25 November 2022
Tini Sastra, the Relentless Advocate for Gender Justice and Diversity in Education
The alarming prevalence of gender-based violence in Indonesian universities was put under the spotli... Read More
02 Dec 2021
A mobile application started by three friends from Bandung, West Java, is assisting people with visual impairments to navigate their city, while raising awareness of accessibility among non-disabled citizens and government officials.
Gita Nofieka Dwijayati, Pravitasari and Muhammad Malik Arrahiem used their different interests and knowledge to come up with Tune Map – an assistive technology app that can support people with visual impairments to walk safely and independently within their city.
The three founders majored in different fields. Gita trained as an architect and has a degree in hospitality and tourism management, Ita is a psychologist and Malik studied geology.
“Geologists like to map, so we combined our personal interests and came up with the idea of mapping for the visually impaired,” Gita says.
“The three of us like to walk around the city and the pedestrian streets in Bandung are difficult to manage for the non-disabled but especially for those who are visually impaired.”
Tune Map, short for Tuna Netra Map (‘tuna netra’ means ‘visually impaired’ in Bahasa Indonesia) won second place in the UNDP Big Ideas Competition in 2016 and in 2018, a grant allowed the trio to hire a team of developers to create the first version of the app.
In 2019, Tune Map was awarded seed funding from the Australian Government through the Alumni Grant Scheme, which helped them develop a second app.
Tune Map comprises of two apps, one for the sighted and another for the visually impaired. The first app enables sighted users to report impassable footpaths, roads and facilities by uploading photos of the obstacles and their locations, effectively using crowdsourcing to identify problems. The second app lets visually impaired users know what hindrances to expect on their route: incorrectly laid guiding blocks, uneven footpaths, electricity poles in the middle of the pavement, holes, potted plants, and so on.
Lack of accessibility for Indonesians with disabilities limits their connection to important services and rights, including education, health and employment. In 2011, there were an estimated 11 million people with disabilities in Indonesia, of whom 3.6 million were visually impaired.
The lack of accurate data regarding people with disabilities also means that central, regional and local governments are unable to make policies to ensure that people with disabilities can lead lives that are as independent and rewarding as non-disabled citizens.
Before the pandemic, Tune Map was able to organise two accessibility mapping events in Bandung, called Map My Day. These connected three of Tune Map’s stakeholders: sighted volunteers, visually impaired volunteers from Ikatan Tuna Netra Muslim Indonesia (ITMI/Indonesian Muslim Blind Association) and local officials.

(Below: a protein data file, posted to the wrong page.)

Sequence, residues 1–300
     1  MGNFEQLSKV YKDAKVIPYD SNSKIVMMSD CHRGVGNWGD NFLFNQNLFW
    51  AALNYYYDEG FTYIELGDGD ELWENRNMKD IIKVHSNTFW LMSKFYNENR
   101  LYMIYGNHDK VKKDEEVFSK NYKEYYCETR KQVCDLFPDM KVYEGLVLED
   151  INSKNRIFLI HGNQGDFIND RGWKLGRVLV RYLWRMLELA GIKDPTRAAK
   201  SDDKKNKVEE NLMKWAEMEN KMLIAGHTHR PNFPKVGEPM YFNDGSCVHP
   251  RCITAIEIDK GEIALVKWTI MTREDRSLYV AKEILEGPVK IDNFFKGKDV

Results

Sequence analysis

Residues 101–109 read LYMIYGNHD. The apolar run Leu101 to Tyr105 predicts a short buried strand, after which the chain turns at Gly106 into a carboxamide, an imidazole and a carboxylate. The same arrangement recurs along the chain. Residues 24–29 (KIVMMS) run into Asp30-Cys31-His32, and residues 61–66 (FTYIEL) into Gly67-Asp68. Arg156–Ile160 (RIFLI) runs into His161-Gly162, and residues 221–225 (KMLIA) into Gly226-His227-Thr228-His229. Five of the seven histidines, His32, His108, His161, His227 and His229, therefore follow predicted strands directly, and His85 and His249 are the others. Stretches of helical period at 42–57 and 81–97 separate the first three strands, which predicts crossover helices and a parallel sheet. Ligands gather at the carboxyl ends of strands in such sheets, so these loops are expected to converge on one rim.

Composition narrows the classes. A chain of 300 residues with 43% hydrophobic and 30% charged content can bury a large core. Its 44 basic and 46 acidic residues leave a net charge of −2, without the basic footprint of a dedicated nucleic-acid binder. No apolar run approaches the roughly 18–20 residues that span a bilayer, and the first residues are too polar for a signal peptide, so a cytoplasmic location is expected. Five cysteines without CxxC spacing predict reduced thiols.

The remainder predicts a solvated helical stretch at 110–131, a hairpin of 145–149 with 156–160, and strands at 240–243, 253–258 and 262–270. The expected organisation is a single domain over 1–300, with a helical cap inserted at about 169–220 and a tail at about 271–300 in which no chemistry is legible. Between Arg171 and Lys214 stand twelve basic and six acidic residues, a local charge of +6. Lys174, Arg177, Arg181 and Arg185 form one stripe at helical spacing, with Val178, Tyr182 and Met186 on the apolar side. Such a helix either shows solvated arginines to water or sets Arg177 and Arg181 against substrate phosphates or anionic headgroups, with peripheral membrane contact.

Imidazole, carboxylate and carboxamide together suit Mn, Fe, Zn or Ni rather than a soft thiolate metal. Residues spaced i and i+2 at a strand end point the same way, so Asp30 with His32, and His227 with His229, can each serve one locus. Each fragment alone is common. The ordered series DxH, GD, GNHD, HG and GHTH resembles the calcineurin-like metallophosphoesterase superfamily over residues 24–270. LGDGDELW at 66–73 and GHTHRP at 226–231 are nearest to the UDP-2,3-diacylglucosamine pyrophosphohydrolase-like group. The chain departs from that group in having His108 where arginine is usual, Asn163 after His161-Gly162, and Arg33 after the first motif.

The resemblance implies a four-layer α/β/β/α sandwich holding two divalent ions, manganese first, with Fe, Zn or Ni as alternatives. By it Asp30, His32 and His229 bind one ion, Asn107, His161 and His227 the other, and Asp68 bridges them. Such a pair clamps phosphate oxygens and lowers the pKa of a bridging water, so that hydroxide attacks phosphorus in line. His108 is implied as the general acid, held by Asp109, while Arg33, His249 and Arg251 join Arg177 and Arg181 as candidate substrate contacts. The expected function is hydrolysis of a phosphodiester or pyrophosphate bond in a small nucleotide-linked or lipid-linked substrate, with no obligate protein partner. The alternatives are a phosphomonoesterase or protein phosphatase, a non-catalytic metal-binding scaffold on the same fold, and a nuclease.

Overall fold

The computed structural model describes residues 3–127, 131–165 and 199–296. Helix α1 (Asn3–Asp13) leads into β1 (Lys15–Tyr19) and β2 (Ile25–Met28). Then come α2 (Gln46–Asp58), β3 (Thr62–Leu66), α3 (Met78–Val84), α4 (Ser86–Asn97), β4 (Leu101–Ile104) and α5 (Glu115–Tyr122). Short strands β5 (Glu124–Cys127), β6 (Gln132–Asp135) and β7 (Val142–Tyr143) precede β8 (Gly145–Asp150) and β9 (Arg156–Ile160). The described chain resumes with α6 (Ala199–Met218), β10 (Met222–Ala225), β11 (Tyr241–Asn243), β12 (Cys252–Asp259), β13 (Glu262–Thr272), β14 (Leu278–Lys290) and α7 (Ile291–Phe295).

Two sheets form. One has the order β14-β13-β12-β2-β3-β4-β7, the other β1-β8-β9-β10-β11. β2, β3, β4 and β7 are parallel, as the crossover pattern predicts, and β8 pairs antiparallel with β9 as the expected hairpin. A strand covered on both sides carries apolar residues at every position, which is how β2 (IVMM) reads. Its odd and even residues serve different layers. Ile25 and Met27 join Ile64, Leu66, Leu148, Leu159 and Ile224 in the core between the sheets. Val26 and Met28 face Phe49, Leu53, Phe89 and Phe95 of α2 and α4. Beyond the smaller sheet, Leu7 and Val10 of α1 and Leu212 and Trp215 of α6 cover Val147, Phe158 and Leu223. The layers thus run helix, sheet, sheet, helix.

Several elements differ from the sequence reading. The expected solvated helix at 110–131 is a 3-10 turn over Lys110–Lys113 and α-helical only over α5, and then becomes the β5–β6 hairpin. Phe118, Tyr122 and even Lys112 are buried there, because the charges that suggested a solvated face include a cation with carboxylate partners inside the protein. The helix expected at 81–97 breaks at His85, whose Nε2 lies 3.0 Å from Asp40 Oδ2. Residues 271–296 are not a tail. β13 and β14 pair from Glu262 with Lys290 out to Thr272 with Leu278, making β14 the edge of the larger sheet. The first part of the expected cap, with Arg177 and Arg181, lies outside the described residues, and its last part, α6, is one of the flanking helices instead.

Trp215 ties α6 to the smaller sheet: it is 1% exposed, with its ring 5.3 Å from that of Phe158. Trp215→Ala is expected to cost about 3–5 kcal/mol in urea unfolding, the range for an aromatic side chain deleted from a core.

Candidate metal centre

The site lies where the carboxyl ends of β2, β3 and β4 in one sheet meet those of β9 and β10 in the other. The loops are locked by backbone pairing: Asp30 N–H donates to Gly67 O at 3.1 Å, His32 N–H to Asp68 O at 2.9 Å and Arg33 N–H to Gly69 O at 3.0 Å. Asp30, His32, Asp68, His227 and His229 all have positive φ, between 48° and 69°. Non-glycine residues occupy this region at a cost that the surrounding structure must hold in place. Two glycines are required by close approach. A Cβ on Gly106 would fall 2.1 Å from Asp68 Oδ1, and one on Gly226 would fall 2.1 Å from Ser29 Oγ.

Map My Day was also an occasion for sighted volunteers and government officials to learn from their visually impaired counterparts: how it feels to walk when one cannot see; how guiding blocks work; how to guide a visually impaired person to cross the street; how to show them to a seat. Hearings with relevant officials from the city’s Public Works Agency, Open Data Bandung and Bappenas (the Ministry of National Development Planning) were conducted after the events to share the data collected so that city and regional governments could plan repair works, as well as make appropriate plans and policies.
As Tune Map’s Team Leader, Gita participated in Australia Awards’ Start Up Ecosystem Short Course at Flinders University in Adelaide in 2018.
“It was a very good short course!” Gita recalled. “We were shown how the (start-up) ecosystem in Australia works - how the government, the private sector and private citizens within the start-up ecosystem are supportive of the start-ups but also are connected to each other. This makes it easier to create a start-up.
“I learned the importance of the ecosystem for the sustainability of a start-up. For Tune Map, if its volunteer ecosystem or the government ecosystem aren’t strong, we will encounter problems. Right now, Indonesia’s start-up ecosystem has not yet matured. Companies and institutions do things on their own instead of working together.
“We also learned about start-ups and creating sustainability through investors and choosing the right revenue stream or business model, which is what we’re also focusing on. It would be a pity if Tune Map were to be just a one-off project instead of a sustainable app and social enterprise.”
In Adelaide, Gita was also able to meet visually impaired students who gave her invaluable insight into how they navigate independently within the university and city, and the steps that the university has taken in terms of accessibility and inclusivity to help students with disabilities accomplish their degrees and goals.
Today, Tune Map has 780 non-disabled and 50 visually impaired users. The pandemic has put a temporary halt to testing the app for the visually impaired as well as planned Map My Day events. However, the start-up has moved events online through Tune Map Sharing events on Instagram Live, outreach efforts on YouTube livestream and sharing videos and posts through their Instagram and YouTube channels. These posts and events promote awareness of the importance of having accessible facilities, disability issues and how to use Tune Map.
Once the pandemic has abated, the Tune Map team plans to continue group testing the app for the visually impaired, organising more Map My Day events, fostering an even closer collaboration with city officials and gradually introducing the Tune Map app to volunteers and local governments in other cities.
Share this article on: